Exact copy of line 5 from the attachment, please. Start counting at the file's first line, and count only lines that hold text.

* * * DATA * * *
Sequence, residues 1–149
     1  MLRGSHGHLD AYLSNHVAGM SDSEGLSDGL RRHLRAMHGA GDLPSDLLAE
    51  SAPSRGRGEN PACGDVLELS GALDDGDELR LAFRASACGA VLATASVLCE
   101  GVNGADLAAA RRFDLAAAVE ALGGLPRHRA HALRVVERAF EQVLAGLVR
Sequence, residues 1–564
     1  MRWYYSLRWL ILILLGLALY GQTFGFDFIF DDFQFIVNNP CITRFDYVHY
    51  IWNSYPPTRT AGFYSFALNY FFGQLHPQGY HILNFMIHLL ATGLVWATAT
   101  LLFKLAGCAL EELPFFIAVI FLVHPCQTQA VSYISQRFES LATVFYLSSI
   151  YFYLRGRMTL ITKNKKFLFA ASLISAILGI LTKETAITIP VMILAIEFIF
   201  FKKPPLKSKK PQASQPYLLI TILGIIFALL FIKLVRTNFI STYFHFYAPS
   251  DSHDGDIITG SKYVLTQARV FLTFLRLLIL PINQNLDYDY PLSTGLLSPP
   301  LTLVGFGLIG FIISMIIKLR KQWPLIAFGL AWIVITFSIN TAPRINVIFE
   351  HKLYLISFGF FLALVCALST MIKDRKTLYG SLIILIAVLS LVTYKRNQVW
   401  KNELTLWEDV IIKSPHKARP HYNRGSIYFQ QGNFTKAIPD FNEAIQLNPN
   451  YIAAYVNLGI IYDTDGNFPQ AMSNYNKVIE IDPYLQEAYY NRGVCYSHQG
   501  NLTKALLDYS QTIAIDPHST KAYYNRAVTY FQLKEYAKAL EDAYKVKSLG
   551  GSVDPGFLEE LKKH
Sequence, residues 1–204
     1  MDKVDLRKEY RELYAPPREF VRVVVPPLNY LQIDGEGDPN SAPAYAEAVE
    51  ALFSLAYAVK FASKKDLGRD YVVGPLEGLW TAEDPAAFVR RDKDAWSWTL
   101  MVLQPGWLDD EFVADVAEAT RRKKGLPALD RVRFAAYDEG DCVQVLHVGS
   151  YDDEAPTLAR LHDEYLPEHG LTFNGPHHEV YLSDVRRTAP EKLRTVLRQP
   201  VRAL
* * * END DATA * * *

Sequence, residues 1–564